But his family did stay in Beaufort, and Harriet became an advocate for the arts, organizing concert series and cultural activities in Beaufort. She became active in the League of Women Voters, and, as the LOWV observer, was not impressed by what she saw during Beaufort County Council meetings. She decided to run for council – and was elected on her first try in 1974. Keyserling, by that time an experienced campaign operative, gave her a plan and tips from afar. 

After two years, she decided she could make more of an impact in the South Carolina Legislature. She was elected in 1976 and served 16 years. “She had quite a legacy,” her son said. “Fighting against nuclear waste dumping, for energy conservation, for funding education, for promoting the arts. She was committed to reforming the House rules to end all-night filibusters.” She could not get the House to reform that practice through the legislative process, but she took copious notes during booze-filled nights, and shared those notes with newspapers around the state. That eventually embarrassed the Legislature into abandoning the filibuster.

Leaving Beaufort, and then coming back

The mayor says his busy parents were not always there for him, emotionally. He had severe dyslexia and had a very difficult time reading, and was always overweight. The family housekeeper, Maybelle Gardner Mack, who lived on Warsaw Island, helped fill the void he sometimes felt. “She mentored me about the human condition and about what is and is not important in life,” he says in his book. Through her, and his frequent house calls with his dad to patients’ homes, he had his first introduction to Gullah culture.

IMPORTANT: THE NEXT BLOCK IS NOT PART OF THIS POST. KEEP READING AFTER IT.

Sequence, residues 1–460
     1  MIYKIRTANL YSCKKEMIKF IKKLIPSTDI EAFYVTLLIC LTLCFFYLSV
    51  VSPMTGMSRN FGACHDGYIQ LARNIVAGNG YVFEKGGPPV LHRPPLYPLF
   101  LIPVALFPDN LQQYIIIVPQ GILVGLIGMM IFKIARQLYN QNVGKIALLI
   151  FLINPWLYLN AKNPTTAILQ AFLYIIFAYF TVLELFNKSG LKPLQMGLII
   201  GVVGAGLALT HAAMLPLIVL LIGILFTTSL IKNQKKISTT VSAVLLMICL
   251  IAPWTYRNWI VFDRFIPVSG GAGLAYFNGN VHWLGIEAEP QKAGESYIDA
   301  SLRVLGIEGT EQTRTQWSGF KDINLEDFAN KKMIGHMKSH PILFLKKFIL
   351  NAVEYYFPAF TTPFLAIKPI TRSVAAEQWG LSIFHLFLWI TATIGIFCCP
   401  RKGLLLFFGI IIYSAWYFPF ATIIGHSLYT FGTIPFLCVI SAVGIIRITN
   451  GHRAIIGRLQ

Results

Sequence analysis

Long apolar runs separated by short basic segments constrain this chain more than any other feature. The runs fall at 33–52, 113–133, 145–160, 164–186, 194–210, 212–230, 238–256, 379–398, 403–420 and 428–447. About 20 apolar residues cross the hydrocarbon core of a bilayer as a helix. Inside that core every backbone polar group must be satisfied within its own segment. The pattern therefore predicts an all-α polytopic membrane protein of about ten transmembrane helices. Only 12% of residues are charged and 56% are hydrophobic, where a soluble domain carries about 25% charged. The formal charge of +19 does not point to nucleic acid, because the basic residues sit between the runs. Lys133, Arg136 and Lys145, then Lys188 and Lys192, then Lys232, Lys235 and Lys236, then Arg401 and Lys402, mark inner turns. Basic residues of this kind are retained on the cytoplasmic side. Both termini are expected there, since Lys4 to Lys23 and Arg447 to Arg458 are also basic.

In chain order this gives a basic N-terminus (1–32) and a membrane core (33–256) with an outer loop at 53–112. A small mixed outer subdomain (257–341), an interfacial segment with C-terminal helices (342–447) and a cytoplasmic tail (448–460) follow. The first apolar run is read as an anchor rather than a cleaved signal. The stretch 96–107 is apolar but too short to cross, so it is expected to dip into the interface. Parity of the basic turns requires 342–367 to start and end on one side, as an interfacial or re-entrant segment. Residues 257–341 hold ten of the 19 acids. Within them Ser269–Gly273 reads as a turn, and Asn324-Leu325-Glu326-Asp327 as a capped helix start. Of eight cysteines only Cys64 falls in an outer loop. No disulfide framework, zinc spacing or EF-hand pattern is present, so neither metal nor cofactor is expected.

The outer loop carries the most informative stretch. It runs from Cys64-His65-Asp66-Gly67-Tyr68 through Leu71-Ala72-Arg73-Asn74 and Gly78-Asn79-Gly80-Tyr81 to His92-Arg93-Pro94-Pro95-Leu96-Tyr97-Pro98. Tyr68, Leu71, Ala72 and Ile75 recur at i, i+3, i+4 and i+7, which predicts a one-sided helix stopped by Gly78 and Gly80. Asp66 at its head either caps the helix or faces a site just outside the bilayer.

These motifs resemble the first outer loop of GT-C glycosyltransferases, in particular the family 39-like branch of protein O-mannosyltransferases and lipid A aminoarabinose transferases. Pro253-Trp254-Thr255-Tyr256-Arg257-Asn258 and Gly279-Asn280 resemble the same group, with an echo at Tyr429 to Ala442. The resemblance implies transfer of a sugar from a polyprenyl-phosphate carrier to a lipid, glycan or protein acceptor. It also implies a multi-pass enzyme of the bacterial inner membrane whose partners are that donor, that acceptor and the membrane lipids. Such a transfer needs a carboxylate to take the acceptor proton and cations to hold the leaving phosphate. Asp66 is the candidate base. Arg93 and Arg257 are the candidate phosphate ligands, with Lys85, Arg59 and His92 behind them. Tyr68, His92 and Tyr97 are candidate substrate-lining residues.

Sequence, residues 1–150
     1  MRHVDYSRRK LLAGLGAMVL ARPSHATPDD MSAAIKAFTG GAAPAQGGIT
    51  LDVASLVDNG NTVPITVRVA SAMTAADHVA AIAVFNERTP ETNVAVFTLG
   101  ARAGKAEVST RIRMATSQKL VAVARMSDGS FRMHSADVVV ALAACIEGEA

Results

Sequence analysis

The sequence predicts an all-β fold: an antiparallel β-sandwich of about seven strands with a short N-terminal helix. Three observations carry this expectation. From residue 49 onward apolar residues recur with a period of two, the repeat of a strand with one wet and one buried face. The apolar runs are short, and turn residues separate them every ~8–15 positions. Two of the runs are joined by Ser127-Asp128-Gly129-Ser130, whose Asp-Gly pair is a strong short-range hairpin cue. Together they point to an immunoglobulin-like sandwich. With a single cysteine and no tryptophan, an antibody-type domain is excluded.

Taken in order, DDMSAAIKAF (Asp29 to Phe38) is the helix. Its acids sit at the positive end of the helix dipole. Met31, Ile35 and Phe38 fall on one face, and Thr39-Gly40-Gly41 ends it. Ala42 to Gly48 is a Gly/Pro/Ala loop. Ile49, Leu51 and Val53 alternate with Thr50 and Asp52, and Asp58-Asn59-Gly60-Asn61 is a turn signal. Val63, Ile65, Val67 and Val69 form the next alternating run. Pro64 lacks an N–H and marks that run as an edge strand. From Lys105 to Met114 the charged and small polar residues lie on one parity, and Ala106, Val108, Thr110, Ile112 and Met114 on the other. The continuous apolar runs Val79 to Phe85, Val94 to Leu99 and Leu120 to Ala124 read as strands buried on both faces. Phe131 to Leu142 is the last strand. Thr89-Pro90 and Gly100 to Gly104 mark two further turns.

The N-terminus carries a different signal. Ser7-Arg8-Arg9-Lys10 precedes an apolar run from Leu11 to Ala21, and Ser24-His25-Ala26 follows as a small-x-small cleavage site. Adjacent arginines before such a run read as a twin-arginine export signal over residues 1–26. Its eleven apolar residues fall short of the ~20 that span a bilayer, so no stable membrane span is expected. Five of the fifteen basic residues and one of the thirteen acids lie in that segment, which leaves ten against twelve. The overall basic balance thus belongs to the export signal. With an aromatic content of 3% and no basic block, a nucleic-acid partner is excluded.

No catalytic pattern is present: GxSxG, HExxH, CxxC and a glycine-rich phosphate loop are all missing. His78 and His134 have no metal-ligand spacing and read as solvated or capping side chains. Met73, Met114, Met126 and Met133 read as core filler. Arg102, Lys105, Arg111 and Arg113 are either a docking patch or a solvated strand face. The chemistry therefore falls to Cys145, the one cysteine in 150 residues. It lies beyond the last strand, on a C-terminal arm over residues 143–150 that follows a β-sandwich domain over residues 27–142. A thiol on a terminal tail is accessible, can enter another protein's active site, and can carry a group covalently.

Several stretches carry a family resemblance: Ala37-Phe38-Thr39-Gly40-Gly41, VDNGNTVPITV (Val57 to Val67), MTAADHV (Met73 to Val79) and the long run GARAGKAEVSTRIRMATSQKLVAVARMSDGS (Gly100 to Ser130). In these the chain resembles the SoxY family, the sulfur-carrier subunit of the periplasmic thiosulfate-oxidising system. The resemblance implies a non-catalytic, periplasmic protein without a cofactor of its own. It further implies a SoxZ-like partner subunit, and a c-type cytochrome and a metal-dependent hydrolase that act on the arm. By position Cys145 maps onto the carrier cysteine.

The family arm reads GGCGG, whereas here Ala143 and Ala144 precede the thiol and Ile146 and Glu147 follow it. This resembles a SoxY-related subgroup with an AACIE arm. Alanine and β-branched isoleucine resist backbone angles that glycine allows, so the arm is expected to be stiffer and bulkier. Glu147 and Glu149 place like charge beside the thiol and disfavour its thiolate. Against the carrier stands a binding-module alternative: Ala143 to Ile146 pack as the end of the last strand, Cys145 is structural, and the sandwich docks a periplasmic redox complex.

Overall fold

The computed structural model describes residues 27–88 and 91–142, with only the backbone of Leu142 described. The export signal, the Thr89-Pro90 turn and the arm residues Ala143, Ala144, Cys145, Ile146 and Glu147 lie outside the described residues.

In tenth grade, Billy moved from Beaufort High School to a boarding school in Massachusetts, where the small classes helped him with his dyslexia, and gave him more confidence. He graduated from Brandeis University and began a behind-the-scenes career in politics, managing campaigns, and working intermittently for Sen. Fritz Hollings, the longtime Democratic senator from South Carolina. He also ran the National Conference of Soviet Jewry, and traveled to the Soviet Union where he met Jewish activists seeking to emigrate from the former USSR.

Eventually, Keyserling decided it was time to come home to start a small business. In 1992, he ran for his mother’s seat in the Legislature and won. After redistricting redrew his district, he ran in 1994 as a petition candidate – neither a Democrat nor a Republican – and won again.

“You get to a point in leadership where you have to find your own voice, but you’re also part of a team,” he said. For him, that meant focusing on his hometown city, first as a member of City Council and then, beginning in 2008, as mayor, where seeking common ground with members of council and the public has been one of his primary motivations. 

He’s proud of the strides the City of Beaufort has made during these years – major infrastructure improvements including a reconfigured Boundary Street, the day dock, and the current Mossy Oaks Stormwater Project, but most proud that he achieves consensus 99% of the time in votes among Council members, and that he always encourages discussion.

“I want to be remembered for the culture inside and outside of Council,” Keyserling said. “It’s always been civil. I always listened and gave time to everyone. I am most proud of my ability to be part of a team and shape its direction. I’d like to believe that this culture of civility and consensus building has pervaded the City.”

Related: How the Reconstruction Era Park came to Beaufort